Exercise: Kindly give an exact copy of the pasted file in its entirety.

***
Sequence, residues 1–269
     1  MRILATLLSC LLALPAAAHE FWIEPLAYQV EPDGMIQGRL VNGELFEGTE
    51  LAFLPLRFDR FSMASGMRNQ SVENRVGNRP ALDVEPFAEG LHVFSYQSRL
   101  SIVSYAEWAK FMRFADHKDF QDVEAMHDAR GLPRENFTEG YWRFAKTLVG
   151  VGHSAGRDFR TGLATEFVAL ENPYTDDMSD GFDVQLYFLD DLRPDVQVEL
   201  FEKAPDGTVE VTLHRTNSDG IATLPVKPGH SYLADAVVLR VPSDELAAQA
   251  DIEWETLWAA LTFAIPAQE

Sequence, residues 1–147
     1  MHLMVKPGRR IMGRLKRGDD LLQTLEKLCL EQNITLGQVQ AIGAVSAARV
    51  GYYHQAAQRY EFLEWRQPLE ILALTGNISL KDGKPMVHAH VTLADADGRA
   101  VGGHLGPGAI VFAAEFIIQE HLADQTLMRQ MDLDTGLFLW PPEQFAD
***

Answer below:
Sequence, residues 1–269
     1  MRILATLLSC LLALPAAAHE FWIEPLAYQV EPDGMIQGRL VNGELFEGTE
    51  LAFLPLRFDR FSMASGMRNQ SVENRVGNRP ALDVEPFAEG LHVFSYQSRL
   101  SIVSYAEWAK FMRFADHKDF QDVEAMHDAR GLPRENFTEG YWRFAKTLVG
   151  VGHSAGRDFR TGLATEFVAL ENPYTDDMSD GFDVQLYFLD DLRPDVQVEL
   201  FEKAPDGTVE VTLHRTNSDG IATLPVKPGH SYLADAVVLR VPSDELAAQA
   251  DIEWETLWAA LTFAIPAQE

Sequence, residues 1–147
     1  MHLMVKPGRR IMGRLKRGDD LLQTLEKLCL EQNITLGQVQ AIGAVSAARV
    51  GYYHQAAQRY EFLEWRQPLE ILALTGNISL KDGKPMVHAH VTLADADGRA
   101  VGGHLGPGAI VFAAEFIIQE HLADQTLMRQ MDLDTGLFLW PPEQFAD